The withdrawal side effects of the commonly used antidepressants is closely related to their half life. That’s one reason effexor withdrawal is such a common and difficult problem. The serum half life of effexor is 5 hours (plus of minus about 2 hours) in most individuals. The apparent half life of Effexor XR, the sustained release product most commonly used in the U.S. is more like 15 hours, but this really reflects the absorption dynamics of the extended release product. Once in the blood stream the real half life is quite short.
The half-life of a drug is the time it takes the body to rid itself of half of the drug in the bloodstream. For example if a drug had a peak serum concentration of 10 mcg./dl and it took 6 hours for the level to drop to 5 mcg./ dl. then the half life would be 6 hours.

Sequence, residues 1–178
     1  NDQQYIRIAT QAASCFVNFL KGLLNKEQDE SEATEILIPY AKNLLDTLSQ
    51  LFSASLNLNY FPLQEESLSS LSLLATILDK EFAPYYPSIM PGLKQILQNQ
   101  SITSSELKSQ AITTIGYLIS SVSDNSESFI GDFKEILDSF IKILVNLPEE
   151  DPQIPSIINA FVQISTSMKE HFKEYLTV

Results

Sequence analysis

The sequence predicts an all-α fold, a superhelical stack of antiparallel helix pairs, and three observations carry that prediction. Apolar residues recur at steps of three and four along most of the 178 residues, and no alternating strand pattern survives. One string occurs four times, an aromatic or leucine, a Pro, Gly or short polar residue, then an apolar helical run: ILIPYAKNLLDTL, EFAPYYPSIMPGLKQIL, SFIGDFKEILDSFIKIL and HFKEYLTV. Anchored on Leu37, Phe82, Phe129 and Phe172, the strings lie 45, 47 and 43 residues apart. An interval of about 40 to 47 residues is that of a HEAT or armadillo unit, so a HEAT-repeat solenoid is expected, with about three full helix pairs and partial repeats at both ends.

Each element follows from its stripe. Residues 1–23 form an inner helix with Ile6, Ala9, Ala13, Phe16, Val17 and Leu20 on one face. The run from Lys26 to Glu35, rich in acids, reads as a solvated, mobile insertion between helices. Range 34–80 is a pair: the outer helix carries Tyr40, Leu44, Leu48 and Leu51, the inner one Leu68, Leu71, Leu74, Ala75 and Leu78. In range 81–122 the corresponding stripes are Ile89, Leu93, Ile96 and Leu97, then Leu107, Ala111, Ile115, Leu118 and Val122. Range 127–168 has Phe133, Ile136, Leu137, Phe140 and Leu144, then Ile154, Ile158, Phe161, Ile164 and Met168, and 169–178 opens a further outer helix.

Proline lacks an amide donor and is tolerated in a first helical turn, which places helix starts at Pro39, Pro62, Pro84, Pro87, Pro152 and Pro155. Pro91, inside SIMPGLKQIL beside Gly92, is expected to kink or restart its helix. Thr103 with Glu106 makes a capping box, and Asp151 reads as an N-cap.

Here is the approximate half life of several of the commonly used antidepressant drugs. You will notice that the drugs with the shortest half lives tend to be those with more common significant withdrawal syndromes.
|Effexor||5 hours||XR gives longer functional half life|
|Pristiq||Likely <5 hours||Only avalable in ext. release form|
|Paxil (paroxetine)||21 hours||Withdrawal quite problematic|
|Zoloft (sertraline)||24 hours|
|Celexa (citalopram)||35 hours||Withdrawal much less common|
|Prozac (fluoxetine)||7-9 days||Withdrawal unusual|
|Bupropion||21 hours||Tends not to have withdrawal symptoms|